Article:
Even if banding together theoretically lowers costs, what happens to competitive advantage? Bottom lines? Cheaper batteries are great, but carmakers count on high margins from expensive cars. The facts are that the pressure to make better, safer batteries is rising, and they’re in short supply.
Consider the volatile relationship between Tesla and Panasonic Corp. The latter (and its stock price) has had a rocky ride with Elon Musk’s whims. For all the hope the partnership has generated, the Japanese consumer products icon hasn’t made much money from it. After a few ups and downs, the companies penned a new three-year agreement in June in which Tesla buys a certain number of batteries and makes future investments. But, here’s the thing: Tesla is looking elsewhere, too.On Tuesday, Musk tweeted that he would also purchase batteries from several best-in-class manufacturers, like South Korea’s LG Chem Ltd. and China’s Contemporary Amperex Technology Co., the world’s largest producer. Tesla has been looking for ways to jump-start its own battery manufacturing, reflected in the acquisition of Maxwell Technologies Inc. The biggest takeaway from Tesla’s much-watched battery day was Musk’s promise of a (much cheaper) $25,000 electric car and what that would do to reduce the price of its most important component.
A number of other ventures exist in various forms: Volkswagen with NorthVolt AB, and with Guoxuan High-Tech Co.; Geely Automobile Holdings Ltd. and LG Chem; Daimler AG and Farasis Energy Gan Zhou Co., LG Chem and GM. The list goes on. It’s unclear whether any will produce what the market needs anytime soon: an affordable and safe electric car with efficient batteries (ignoring all the other costs of ownership, such as charging infrastructure and resale price).
What additional value, then, is there from partnerships? For whatever thoughts car companies may have of going it alone, battery makers are increasingly taking pole position. Some are beginning to break even. The top six account for more than 80% of the market and are pushing for pricing power. Whoever produces cars needs batteries. It’s still simpler for automakers to outsource them than go it alone. If partnerships are done right – with capital, manufacturing prowess and real, tangible results – they can succeed. Toyota Motor Corp. has been working with Panasonic for years. It recently set up a joint-venture company that could work well enough to seem boring.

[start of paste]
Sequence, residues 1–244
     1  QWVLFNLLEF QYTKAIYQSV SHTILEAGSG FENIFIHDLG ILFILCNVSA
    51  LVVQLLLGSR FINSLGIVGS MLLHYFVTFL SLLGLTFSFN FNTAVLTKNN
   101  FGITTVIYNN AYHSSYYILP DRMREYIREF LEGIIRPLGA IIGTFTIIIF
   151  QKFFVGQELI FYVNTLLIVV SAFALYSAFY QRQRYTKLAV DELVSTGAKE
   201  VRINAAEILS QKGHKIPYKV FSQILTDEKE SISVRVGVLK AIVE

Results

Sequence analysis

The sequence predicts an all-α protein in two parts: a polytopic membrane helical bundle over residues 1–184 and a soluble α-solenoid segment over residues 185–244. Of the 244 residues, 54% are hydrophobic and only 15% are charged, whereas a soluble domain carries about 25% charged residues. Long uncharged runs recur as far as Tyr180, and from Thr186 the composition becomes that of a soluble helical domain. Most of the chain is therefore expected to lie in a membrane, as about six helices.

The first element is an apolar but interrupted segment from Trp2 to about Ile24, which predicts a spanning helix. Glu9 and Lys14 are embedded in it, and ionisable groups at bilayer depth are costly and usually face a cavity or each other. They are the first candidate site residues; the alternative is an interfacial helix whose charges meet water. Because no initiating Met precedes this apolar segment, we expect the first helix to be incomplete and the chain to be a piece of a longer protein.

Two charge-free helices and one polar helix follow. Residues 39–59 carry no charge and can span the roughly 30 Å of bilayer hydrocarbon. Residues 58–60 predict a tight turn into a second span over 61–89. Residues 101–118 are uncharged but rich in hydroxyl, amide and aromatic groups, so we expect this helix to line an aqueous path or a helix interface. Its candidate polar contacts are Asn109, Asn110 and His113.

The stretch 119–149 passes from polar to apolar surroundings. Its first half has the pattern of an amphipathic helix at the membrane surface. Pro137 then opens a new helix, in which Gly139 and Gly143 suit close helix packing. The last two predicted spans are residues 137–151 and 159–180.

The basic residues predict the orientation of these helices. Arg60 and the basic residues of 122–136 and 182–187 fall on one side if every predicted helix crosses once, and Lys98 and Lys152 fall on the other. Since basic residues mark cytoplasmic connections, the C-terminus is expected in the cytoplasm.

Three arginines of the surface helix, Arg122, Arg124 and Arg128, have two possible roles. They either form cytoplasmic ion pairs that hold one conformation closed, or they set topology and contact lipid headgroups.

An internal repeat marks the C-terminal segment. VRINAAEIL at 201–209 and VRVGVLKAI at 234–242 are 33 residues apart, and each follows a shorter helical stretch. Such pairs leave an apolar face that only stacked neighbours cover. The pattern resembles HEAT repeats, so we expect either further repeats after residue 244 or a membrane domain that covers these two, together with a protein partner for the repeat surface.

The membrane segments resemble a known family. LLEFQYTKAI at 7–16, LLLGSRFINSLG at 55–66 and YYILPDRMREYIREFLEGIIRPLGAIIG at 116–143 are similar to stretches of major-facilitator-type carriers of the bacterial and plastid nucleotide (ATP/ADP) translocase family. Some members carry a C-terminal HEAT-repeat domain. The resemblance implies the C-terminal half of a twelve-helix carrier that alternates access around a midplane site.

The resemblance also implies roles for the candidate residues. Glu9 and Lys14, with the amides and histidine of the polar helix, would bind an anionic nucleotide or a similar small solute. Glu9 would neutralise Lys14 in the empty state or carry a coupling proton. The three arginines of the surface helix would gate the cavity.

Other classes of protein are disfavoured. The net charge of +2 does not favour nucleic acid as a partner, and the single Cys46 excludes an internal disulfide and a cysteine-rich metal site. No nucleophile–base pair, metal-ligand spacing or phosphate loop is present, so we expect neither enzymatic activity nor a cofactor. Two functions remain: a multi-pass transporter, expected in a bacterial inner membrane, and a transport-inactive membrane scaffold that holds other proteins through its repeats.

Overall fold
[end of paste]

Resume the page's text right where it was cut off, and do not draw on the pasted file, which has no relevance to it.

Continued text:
For now, investors shouldn’t be wowed by glitzy tie-ups and promises. Keeping an eye on where the real returns are — like actual cars on the road and batteries that take us further, and the companies making them — may serve better.
(An earlier version misidentified Nikola Executive Chairman Trevor Milton as CEO and incorrectly stated that GM had sunk $2 billion into an 11% equity stake in the company. )
This column does not necessarily reflect the opinion of the editorial board or Bloomberg LP and its owners.
Anjani Trivedi is a Bloomberg Opinion columnist covering industrial companies in Asia. She previously worked for the Wall Street Journal.
For more articles like this, please visit us at bloomberg.com/opinion
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©2020 Bloomberg L.P.
Who Invited the Far-Right Oath Keepers to Downtown Louisville?
LOUISVILLE—On Wednesday night, at least 20 members of the Oath Keepers, a far-right militia group, were observed guarding storefronts in downtown Louisville amid sometimes violent unrest over the lack of charges in the police killing of Breonna Taylor. The businesses included Bader’s Food Mart—which is also a Shell gas station—Stewart’s Pawn Shop, and Hampton Inn Downtown Louisville, all at or near the intersection of Jefferson and South 1st Street. All of the businesses, besides the hotel, appeared to be closed at the time.
The heavily armed men—many bearing rifles, night-vision goggles, and wearing camouflage—were seen on the roof of Stewart’s Pawn Shop, the perimeter of the Shell station, and in the Hampton Inn parking lot. When asked why they were present, one militia member, who gave his name only as Angry Spongebob, said the owner of the Shell had received threats against the business.
“She was told that people wanted to burn it down to the ground,” he told The Daily Beast. “We know her and so we came out to help protect it, because if it goes up, then it takes a significant portion of this block with it.”
He didn’t clarify who “she” referred to, but records filed with the Kentucky Secretary of State’s office list Paula T. Bader as the president, secretary, and treasurer of Bader’s Food Mart, and she has been identified as the owner in local media reports. In a telephone conversation Thursday, a purported leader of the Oath Keepers on the ground in Louisville, who gave his name as Mike Whipp, said they had been invited by Bader to keep tabs on her business, as well as the pawn shop.
According to Whipp, “[Bader] told us she was targeted by activists.”
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Bader could not immediately be reached for comment, but the food mart does have a history of violence—and of drawing activist ire.